20. Law Firms and Lawyers

  21. "'No Consequences': Sexual Harassment Persists in Law Firm Culture," 09.01.22.
    The American Lawyer reports that "law firm efforts to create an equitable and safe environment for female attorneys have made progress over the last 30 years, especially since the #MeToo movement took root. But interviews with female attorneys and a wide-ranging survey on the subject show that sexual harassment is still a daily struggle for many."

  22. "Big Law Increasingly Turns to Alumni Networks for Business and Talent Opportunities," 09.01.22.
    The American Lawyer reports that "law firm alumni networks are an increasingly important tool for Big Law business development and talent acquisition efforts."

  23. "In-Demand Midlevels Can't Escape Big Law's Bad Partner Problem," 08.31.22.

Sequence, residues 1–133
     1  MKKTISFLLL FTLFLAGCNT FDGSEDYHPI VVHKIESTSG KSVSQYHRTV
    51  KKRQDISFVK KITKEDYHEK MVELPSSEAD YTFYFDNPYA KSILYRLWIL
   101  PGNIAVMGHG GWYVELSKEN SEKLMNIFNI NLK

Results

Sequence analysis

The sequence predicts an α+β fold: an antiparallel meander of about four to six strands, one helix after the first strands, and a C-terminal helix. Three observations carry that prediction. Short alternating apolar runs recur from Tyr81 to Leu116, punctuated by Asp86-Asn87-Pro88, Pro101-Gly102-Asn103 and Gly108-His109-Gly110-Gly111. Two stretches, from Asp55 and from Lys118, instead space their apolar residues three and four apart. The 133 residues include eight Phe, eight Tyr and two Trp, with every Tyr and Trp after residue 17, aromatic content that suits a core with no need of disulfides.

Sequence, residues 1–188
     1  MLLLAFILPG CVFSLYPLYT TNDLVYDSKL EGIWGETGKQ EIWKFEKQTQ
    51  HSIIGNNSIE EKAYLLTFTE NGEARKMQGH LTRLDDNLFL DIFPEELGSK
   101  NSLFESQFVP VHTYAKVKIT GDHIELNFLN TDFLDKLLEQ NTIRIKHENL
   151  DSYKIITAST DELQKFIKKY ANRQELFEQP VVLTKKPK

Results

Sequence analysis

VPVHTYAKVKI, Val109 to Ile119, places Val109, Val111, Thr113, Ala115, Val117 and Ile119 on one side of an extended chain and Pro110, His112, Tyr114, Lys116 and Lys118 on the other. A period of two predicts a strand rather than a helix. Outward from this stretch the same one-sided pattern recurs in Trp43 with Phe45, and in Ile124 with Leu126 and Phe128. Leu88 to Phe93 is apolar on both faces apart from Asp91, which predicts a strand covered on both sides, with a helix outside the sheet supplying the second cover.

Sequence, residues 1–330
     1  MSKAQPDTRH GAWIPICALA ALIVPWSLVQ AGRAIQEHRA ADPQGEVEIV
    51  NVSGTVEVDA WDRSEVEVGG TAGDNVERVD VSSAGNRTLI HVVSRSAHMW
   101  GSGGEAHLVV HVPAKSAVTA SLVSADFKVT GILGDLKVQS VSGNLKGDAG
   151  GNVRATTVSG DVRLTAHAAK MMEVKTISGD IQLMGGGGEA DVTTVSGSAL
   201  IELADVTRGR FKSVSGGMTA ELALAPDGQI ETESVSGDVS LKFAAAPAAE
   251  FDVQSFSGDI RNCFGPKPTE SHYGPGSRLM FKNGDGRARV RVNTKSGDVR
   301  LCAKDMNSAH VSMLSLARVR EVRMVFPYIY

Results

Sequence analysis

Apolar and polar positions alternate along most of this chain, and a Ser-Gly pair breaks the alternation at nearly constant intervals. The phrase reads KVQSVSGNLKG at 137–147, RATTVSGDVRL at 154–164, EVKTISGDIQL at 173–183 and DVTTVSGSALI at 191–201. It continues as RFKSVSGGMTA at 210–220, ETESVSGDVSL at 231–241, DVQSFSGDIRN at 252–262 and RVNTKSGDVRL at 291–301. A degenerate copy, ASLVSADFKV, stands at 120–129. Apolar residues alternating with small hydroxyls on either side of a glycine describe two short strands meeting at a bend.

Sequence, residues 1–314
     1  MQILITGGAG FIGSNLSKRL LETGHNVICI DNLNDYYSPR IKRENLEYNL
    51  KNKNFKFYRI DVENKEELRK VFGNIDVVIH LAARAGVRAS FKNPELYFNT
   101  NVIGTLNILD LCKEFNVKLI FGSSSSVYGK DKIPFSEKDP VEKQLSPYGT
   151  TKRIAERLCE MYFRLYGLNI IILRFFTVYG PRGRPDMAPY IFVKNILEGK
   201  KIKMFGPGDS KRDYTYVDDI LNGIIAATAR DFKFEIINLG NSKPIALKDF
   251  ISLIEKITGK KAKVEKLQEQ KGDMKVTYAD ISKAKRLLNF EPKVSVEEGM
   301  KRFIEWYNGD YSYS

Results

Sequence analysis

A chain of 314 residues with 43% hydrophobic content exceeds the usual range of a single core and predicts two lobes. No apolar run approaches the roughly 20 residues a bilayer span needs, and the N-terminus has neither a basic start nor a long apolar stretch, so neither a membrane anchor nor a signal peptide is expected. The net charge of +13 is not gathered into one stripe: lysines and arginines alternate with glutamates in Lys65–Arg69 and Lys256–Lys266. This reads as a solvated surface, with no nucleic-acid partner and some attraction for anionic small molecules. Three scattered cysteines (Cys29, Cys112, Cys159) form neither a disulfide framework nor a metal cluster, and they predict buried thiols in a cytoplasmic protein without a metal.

The American Lawyer reports that "a recent survey of 4,000 midlevel associates included hundreds of accounts of bullying, abuse, unrealistic demands and neglect from Big Law partners."

  24. "Knowing Why Associates Became Lawyers May Help Retain Them," 08.31.22.
    "Why did you become a lawyer?" In this column for The American Lawyer, David Gialanella writes "how your talent answers this question may give insight into how to keep them."

  25. "The Next Generation of Attorneys Are Studying Environmental Law," 08.29.22.
    The Daily Business Review reports that as students see the effects of climate change play out around the world, they are flocking to environment law in ever greater numbers.

  26. "Big Law Will Likely 'Rightsize' Attorney Ranks Through Attrition, Performance Reviews," 08.26.22.
    The American Lawyer posits that "law firms learned from downturns in 2008 and early 2020 that early layoffs can lead to problems later…now law firms are likely to lean on more deliberate performance reviews, repurposing associates and natural attrition."

  27. International Law Firms and Lawyers